How is acute bullous myringitis differentiated from acute otitis media (AOM)?

Updated: Sep 25, 2019
  • Author: John D Donaldson, MD, FRCSC, FACS; Chief Editor: Arlen D Meyers, MD, MBA  more...
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Pneumatic otoscopy is an important diagnostic tool for differentiating AOM from acute bullous myringitis. The latter condition, in its purest form, manifests 10-14 days after a viral infection and causes severe localized otalgia without middle ear effusion.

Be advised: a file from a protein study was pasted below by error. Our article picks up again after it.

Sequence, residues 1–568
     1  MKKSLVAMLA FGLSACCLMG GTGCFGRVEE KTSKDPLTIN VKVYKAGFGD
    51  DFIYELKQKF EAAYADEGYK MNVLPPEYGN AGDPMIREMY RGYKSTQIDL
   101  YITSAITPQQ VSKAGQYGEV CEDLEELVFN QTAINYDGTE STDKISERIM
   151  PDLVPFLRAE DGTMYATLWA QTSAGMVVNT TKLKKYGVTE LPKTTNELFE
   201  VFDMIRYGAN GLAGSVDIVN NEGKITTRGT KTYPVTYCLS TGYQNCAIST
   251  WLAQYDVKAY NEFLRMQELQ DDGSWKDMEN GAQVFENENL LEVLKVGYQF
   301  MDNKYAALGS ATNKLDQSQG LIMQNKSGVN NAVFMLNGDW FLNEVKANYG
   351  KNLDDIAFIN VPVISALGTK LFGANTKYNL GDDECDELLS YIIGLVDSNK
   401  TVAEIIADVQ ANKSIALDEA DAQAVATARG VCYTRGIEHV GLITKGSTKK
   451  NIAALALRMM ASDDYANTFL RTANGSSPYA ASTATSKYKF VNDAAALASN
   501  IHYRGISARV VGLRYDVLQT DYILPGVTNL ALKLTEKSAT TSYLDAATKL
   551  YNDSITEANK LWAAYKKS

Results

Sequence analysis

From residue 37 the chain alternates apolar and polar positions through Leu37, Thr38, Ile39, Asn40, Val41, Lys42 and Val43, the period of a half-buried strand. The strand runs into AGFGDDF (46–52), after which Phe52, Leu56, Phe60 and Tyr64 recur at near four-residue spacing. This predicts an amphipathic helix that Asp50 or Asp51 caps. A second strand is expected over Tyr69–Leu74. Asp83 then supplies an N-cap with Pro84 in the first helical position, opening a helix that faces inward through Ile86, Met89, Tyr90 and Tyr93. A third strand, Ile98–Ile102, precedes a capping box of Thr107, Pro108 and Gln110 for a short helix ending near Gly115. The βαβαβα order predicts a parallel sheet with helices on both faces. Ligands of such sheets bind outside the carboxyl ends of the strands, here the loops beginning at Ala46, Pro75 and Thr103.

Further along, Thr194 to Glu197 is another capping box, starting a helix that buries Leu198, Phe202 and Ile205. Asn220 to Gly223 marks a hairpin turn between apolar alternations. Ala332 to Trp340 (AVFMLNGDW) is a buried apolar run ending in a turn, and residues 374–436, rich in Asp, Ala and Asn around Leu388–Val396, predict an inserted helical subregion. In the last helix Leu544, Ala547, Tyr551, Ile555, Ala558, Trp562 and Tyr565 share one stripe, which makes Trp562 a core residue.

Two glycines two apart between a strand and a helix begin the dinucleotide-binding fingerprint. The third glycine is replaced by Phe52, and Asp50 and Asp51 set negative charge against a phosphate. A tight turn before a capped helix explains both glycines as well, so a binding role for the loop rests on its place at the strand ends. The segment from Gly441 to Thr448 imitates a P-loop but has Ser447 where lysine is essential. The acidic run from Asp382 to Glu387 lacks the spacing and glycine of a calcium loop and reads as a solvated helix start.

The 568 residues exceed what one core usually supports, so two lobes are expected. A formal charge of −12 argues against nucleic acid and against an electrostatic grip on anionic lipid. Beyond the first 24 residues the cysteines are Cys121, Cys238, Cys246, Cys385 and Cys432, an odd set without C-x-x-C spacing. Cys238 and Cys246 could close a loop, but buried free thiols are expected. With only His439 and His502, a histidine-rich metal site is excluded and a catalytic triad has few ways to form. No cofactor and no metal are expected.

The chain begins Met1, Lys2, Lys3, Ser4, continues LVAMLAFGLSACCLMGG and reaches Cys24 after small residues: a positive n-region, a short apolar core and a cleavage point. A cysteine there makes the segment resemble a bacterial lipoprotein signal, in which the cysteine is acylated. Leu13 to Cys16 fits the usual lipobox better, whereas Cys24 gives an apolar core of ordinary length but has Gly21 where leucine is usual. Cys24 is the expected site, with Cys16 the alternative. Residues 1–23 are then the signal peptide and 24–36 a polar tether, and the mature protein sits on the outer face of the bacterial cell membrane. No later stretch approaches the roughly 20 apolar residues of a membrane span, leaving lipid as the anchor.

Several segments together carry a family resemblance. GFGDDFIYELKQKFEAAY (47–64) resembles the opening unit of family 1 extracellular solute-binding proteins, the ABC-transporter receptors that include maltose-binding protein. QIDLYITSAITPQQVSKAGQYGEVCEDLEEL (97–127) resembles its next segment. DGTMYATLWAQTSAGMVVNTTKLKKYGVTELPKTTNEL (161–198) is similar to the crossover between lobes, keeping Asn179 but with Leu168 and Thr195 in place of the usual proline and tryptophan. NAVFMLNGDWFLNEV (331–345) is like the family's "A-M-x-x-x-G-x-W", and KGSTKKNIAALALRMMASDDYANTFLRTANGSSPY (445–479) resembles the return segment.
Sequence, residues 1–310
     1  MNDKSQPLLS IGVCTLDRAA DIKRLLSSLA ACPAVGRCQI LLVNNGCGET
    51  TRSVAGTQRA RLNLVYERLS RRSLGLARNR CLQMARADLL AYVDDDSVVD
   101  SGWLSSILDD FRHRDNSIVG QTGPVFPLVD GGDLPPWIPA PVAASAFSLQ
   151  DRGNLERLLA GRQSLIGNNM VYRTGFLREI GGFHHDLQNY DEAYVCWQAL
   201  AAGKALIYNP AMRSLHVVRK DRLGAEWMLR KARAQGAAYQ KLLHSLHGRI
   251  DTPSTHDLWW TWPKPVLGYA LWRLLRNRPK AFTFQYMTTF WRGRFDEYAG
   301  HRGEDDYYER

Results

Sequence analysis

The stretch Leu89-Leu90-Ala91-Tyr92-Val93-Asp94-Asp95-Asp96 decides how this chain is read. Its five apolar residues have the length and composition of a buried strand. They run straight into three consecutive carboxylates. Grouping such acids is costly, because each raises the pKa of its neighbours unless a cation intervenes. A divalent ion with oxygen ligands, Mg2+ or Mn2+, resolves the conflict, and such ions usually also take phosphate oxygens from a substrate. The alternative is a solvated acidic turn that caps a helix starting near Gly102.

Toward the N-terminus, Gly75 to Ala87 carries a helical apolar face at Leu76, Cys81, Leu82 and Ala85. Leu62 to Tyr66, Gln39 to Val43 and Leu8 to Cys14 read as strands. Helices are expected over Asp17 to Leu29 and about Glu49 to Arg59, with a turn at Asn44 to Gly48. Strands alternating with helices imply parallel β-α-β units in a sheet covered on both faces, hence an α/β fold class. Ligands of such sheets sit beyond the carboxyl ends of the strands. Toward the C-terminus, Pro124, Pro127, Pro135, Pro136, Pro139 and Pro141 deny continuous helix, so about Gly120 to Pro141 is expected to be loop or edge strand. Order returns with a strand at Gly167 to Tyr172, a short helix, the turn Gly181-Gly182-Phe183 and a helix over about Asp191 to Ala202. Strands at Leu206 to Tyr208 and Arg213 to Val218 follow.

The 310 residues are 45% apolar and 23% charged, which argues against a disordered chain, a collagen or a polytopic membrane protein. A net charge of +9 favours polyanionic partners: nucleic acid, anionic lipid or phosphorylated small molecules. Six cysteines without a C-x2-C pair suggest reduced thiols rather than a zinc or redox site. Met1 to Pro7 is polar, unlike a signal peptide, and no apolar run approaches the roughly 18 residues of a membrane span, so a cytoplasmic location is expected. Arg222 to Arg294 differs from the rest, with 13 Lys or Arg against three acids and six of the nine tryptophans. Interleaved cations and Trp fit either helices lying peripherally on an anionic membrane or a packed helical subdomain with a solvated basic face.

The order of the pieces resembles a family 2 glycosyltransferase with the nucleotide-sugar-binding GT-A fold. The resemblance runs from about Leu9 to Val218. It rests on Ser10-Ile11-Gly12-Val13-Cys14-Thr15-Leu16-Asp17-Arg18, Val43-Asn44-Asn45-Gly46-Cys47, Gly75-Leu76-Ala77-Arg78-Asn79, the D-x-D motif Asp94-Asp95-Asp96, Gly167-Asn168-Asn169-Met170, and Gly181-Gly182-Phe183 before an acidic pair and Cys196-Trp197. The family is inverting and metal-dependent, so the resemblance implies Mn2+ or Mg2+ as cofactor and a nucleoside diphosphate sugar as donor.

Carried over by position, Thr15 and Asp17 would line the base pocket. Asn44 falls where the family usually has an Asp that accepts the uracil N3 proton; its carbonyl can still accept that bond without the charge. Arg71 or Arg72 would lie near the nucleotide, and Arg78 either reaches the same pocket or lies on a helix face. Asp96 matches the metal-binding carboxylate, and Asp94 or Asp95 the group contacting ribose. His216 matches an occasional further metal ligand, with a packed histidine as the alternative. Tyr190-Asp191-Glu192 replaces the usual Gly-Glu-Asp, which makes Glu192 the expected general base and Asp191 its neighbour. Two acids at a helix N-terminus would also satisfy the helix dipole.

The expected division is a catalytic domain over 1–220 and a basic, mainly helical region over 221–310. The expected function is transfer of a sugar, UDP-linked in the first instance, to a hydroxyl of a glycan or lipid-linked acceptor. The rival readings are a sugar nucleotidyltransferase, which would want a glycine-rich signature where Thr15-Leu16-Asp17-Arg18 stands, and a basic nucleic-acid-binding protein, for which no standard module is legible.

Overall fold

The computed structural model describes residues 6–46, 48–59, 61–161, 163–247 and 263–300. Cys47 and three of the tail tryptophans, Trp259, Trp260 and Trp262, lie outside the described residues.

The bullae or blebs may contain serous or hemorrhagic fluid and may extend onto the adjacent canal wall. Pain is relieved by puncturing the bleb. Similar blebs may occur in association with AOM. These patients demonstrate more systemic symptoms and continue to have pain associated with purulent middle ear effusion, which persists following rupture of the blebs.

It should be kept in mind that the findings described above apply to patients who are immunocompetent. Children who are immunosuppressed, particularly those undergoing chemotherapy, may not manifest the typical inflammatory responses. In these patients, the simultaneous appearance of systemic sepsis and a serous middle ear effusion might be the only indicators of AOM.

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